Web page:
If Hamas is not as malleable as some on the dovish left like to believe (In his new book, We Can Have Peace in the Holy Land, Jimmy Carter writes that “there is a real prospect of Hamas participating constructively in future peace talks.”) then is it worth talking to at all? Or was Hillary Clinton right? Continue reading

Clinton Confirmation Hearings: Good or Bad?

By Benjamin Schuman-Stoler

First of all, hello! We at Moment and ITM hope you had a lovely holiday season. Here’s to a beautiful 2009! (Or at least one without World War 3 and total economic meltdown.)

In case you haven’t seen it, our January/February issue is out, with a pretty set of photographs chronicling Jewish/black relations in this country to celebrate the inauguration of our 44th president. Darn, what’s his name again?

Hillary Clinton

Hillary Clinton

The important news of the day involves yesterday’s confirmation hearings of Hillary Clinton for Secratary of State.  Clinton took the opportunity to prepare the country for a new kind of State Department that would have a renewed focus on diplomacy and direct negotiation with Iran and other previously untouchable rogue states; thereby signaling a break from the kind of shunning politics the Condoleeza Rice State Department often utilized.

We are all hanging on every thread of information that could clue us in to how the Obama administration will deal with Israel, especially with the Gaza crisis upon us. Clinton did not get into specifics, but she drew the line on inclusive diplomacy at Hamas. Here’s what she said, from the LA Times:

“The president-elect and I understand — and are deeply sympathetic to — Israel’s desire to defend itself under current conditions and to be free of shelling by Hamas rockets,” she said. “However, we have also been reminded of the tragic humanitarian costs of conflict in the Middle East, and pained by the suffering of Palestinian and Israeli civilians.”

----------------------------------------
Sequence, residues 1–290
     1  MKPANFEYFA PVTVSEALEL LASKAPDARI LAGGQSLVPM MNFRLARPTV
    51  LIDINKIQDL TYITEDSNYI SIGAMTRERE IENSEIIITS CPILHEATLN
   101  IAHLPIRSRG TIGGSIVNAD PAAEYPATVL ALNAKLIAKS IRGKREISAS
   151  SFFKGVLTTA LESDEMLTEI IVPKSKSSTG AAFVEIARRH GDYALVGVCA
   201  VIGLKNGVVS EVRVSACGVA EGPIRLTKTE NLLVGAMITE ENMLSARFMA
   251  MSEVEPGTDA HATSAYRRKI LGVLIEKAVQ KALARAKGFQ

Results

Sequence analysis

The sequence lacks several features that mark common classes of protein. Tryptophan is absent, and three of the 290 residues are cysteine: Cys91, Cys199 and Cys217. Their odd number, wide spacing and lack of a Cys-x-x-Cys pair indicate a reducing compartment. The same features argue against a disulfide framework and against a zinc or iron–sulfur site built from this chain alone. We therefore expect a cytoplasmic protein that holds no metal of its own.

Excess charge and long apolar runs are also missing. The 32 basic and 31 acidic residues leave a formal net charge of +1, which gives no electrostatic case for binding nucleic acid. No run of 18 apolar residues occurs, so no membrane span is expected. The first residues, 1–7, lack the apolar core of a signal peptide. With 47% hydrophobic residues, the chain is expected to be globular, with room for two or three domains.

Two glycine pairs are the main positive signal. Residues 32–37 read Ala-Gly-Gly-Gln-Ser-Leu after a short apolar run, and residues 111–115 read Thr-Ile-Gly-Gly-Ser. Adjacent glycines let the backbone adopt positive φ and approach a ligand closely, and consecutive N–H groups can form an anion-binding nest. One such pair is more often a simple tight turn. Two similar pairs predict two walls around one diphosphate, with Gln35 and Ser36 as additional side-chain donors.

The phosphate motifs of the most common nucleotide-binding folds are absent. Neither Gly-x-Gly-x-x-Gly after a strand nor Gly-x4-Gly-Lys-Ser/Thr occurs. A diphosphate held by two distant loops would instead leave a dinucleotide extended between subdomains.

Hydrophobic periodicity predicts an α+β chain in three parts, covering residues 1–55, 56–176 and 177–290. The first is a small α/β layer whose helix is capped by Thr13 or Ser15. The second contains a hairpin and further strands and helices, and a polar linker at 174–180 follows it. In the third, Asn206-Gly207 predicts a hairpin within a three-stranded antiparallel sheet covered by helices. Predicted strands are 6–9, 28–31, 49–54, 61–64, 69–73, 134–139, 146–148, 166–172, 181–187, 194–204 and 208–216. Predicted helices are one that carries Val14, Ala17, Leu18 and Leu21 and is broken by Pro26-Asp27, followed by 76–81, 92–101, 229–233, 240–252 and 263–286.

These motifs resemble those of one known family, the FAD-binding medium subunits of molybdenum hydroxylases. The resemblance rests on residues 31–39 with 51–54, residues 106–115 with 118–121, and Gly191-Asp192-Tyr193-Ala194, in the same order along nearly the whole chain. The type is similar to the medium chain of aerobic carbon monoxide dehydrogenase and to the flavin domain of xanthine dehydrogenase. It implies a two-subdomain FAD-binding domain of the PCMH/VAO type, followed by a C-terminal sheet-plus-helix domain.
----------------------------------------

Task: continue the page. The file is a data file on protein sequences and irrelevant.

Clinton echoed the Bush administration stand in part by declaring: “You cannot negotiate with Hamas until it renounces violence, recognizes Israel and agrees to abide by past agreements. That is just for me an absolute. That is the United States government’s position; that is the president-elect’s position.” Continue reading

Shin Bet Justice: Tunnel Vision?

Tunneling under Israel

Tunneling under Israel

Tunnels. The very word connotes ancient secrets, mystic rites and modern adventure. Israel is blessed with tunnels both natural (the country gets whole pages on spelunking websites) and man made: The “Rabbinical” tunnels alongside and beneath the Temple Mount get lots of attention. Their excavation launched Arab riots as well as a new locus for tourism. (Jerusalem’s coolest tunnel is Hezekiah’s ancient passage to the Gihon Spring, seen at right.)

For Israel’s security forces, it’s the tunnels under Gaza’s border with Egypt that, understandably, generate the most interest. Egypt’s government claims, unconvincingly, that it’s trying to keep the tunnels closed, while evidence at the other end (filmed by France24’s English newscast) shows Gazans’ using the tunnels routinely to smuggle in market goods and even electricity generation. Hamas undoubtedly also uses them for less homey shipments, like weaponry.

Israel’s been unable to police the tunnels since its pullout from Gaza, so the Shin Bet security agency gets its intelligence from Palestinian informants in Rafah, the border town. Unfortunately, according to an article in Haaretz, Shin Bet is willing to abuse its role at Gaza’s border with Israel to coerce possibly innocent Gazans into enlisting as spies.

Continue reading